Since I started writing here, I’ve tried a lot of punchy ledes. But now, I can keep it simple.
After four years, eight semesters and plenty more memories, this is my final byline at The Daily Tar Heel.
From my first story on a UNC volleyball match in September 2016 to this column — my 239th DTH story, according to the website — it’s been a heck of a journey filled with its share of chaos and joy and fueled by a nonstop supply of medium caramel iced coffees from Dunkin’ Donuts.
The DTH has changed significantly since I arrived in Chapel Hill. It’s gone from printing five days a week to four to three; worked out of 151 E. Rosemary St, 109 E. Franklin St. and the UNC journalism school’s basement in between; and faced the tough decisions and unavoidable struggles of any media organization in the country that’s existed over the last decade.
But in many ways, it’s stayed the same. And that’s what I’m proud of.
The paper still gets printed and picked up and read (long live the crossword); my colleagues on the University and investigation desks still report relentlessly on UNC and hold it accountable (see: Silent Sam settlement); and the sports desk still covers every team UNC athletics has to offer (believe it or not, there are stories outside of just college football and men’s basketball).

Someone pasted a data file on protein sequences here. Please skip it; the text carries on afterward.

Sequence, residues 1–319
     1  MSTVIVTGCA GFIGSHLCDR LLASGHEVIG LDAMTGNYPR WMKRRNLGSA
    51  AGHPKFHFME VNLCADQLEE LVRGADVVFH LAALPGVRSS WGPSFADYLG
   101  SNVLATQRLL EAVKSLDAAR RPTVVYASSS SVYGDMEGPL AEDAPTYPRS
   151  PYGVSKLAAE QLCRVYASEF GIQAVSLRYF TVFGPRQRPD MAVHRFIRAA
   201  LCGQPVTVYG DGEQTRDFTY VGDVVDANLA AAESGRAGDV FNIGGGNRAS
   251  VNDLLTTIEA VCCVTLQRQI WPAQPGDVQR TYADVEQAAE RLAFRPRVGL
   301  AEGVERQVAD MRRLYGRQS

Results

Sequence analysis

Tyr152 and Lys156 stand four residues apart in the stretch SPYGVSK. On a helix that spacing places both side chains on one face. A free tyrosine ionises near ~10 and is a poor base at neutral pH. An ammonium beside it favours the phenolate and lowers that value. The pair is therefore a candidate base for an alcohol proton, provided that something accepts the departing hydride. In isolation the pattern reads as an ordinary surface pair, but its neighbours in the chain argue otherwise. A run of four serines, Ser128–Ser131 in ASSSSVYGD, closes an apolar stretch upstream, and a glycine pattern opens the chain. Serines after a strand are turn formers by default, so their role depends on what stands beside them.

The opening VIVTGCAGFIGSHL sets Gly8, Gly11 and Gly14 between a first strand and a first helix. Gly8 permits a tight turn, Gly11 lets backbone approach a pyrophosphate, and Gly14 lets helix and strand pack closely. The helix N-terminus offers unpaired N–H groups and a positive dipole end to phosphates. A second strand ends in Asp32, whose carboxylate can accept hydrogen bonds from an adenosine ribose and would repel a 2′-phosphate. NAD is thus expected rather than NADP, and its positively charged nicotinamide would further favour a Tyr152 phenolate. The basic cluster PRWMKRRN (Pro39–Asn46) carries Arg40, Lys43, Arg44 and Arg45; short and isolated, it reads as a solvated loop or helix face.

Since my DTH career began and ended there, on the sports desk, that’s where most of my thank yous will go. I took over as desk editor as a last-second backup choice my sophomore year, and I was absolutely in over my head.
North Carolina men’s basketball was gearing up to defend its national championship, which required top-tier coverage on its own. Construction was moving the men’s and women’s soccer teams to Cary and the field hockey team to Durham for home games, a struggle for our many writers without cars on campus.
The entire newsroom was working under the stress of a potential move and drastic budget cuts. Our desk had lost a slew of writers to graduation and other publications, leaving me and two assistants — none of whom had any DTH editing experience — to run things on the fly.